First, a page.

Offertory Prayer

Invitation to the Offering
The offering you made last week empowered ministry within our congregation and in response to the needs of our community. It also helped support the work of ministries beyond the local church that reach people who are in desperate need to feel the touch of love and reconciliation. Through the Episcopal Fund, your church not only supports the Bishop who serves your conference, but the global work of our United Methodist episcopal leaders. Your giving makes possible their witness for the whole church in many areas including evangelism, justice ministries, global health and working with the world’s poor. This ministry happens thanks to the generous support of United Methodists like you. I invite you once again to give generously as we worship God through the sharing of our gifts, tithes and offerings.

Learn more about the work of the Council of Bishops of the UMC at: http://www.umc.org/who-we-are/council-of-bishops

August 24, 2014 -- Eleventh Sunday after Pentecost/in Kingdomtide
Almighty and merciful God, as we give our tithes and offerings this morning, we are reminded that it is here that the relationships of our hearts and our connection to the material world intersect. You have called us into the world, into its need, its suffering, its injustice, and its pain; not to be claimed by the world, but as those claimed by you to be agents of change and transformation and healing in the world. So use not only these gifts, these dollars we offer, but use us. Use our hands, use our feet, use our voices, and use our hearts to shape the world for which you long. We pray in the blessed name of Jesus, our Rock and our Redeemer. Amen. (Romans 12:1-8)
(Genesis 45:1-15)

"Prayers by Ken Sloan. Copyright General Board of Discipleship. www.GBOD.org Used by permission."

Friday, January 28, 2011

Admission Requirements, a Reflection on Psalm 15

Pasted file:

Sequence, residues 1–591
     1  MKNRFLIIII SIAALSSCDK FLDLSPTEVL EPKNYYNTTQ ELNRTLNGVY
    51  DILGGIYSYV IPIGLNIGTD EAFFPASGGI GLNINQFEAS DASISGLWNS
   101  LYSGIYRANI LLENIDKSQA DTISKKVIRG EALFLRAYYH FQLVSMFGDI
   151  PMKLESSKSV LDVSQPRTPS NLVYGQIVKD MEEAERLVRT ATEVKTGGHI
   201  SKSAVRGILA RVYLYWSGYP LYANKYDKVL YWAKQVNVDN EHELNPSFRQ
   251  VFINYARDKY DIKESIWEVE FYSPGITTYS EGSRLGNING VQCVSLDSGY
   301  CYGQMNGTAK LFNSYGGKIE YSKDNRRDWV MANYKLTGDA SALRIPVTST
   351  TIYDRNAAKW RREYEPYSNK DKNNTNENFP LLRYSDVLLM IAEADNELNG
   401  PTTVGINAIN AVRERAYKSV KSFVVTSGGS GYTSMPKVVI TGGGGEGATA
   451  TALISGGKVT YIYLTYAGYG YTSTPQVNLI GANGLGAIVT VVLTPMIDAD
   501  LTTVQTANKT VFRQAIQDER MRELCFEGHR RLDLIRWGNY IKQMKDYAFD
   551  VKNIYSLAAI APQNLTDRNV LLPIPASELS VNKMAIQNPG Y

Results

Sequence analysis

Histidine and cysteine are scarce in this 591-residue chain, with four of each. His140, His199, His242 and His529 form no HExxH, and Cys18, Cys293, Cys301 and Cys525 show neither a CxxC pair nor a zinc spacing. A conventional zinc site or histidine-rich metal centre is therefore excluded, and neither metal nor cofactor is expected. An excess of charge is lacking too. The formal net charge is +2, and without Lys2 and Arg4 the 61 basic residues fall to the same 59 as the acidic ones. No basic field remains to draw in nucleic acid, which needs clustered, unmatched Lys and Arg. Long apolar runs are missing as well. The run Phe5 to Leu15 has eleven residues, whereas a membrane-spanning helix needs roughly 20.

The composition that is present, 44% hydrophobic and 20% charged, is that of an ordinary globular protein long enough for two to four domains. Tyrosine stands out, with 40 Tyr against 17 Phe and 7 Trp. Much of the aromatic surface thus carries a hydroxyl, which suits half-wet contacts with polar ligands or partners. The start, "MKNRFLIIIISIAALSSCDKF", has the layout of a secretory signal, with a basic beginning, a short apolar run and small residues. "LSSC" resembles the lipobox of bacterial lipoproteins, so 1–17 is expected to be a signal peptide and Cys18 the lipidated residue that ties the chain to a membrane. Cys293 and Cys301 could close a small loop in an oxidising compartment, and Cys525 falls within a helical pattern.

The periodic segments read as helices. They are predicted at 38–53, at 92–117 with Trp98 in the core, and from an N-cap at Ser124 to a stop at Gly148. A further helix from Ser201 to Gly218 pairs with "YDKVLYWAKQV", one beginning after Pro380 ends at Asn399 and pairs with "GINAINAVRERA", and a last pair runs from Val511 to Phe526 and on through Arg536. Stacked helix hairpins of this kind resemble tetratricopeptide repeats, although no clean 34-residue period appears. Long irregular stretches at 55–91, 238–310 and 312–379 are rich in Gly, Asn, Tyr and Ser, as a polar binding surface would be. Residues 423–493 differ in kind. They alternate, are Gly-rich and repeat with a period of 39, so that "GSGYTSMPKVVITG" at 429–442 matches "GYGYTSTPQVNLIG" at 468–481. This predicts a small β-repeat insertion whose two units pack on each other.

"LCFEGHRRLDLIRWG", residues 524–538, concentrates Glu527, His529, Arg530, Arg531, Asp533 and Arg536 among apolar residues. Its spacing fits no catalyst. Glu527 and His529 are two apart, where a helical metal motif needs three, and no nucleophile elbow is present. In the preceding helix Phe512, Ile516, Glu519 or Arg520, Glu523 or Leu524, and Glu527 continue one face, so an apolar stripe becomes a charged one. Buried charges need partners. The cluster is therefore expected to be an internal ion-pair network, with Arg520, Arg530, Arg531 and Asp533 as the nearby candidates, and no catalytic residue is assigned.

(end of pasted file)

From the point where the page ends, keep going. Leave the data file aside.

The reading from Micah this week proclaims what the Lord requires of us--to do justice, to love kindness, and to walk humbly with your God. The lectionary response is Psalm 15 which begins with the question, "Who is allowed in?"

The requirements for admission are:
to walk blamelessly and to do what is right and speak the truth

do not slander, do no evil to friends, and do not reproach your neighbors

stand by your oath--even to your hurt

do not lend money at interest, don't take a bribe.

Those seeking acceptance in the congregation were supposed to modify their behavior outside the building. Further integration--they had been told what was right and, now, they were supposed to live out what they had been told.

Their relationship with God is affected by, even dependent on, their relationship with their community. Moreover, doing the right thing changes the doer: "Those who do these thing shall never be moved."

1 comment:

Joel Peterson said...

As a current high school senior, I see countless peers worrying about their "admission decisions" to their dream colleges. What I don't see a lot of is initiative about entrance into heaven. I think most of them think that heaven is something for old people to worry about.

What I see even less of though, is people who are active in their faith enough at a young age to be to the point of being called by God to a ministerial vocation.

I think we can agree that God's call isn't anywhere near as straightforward as admission to heaven--or college for that matter!

Perhaps a more allegorical/exploratory approach is what we need to implement in order to get young people thinking about their call.

*insert plug for my book, which attempts to do just that. haha*

It's called The Journey (by Joel Peterson, obviously) and it's on Amazon.com if you are interested in checking it out.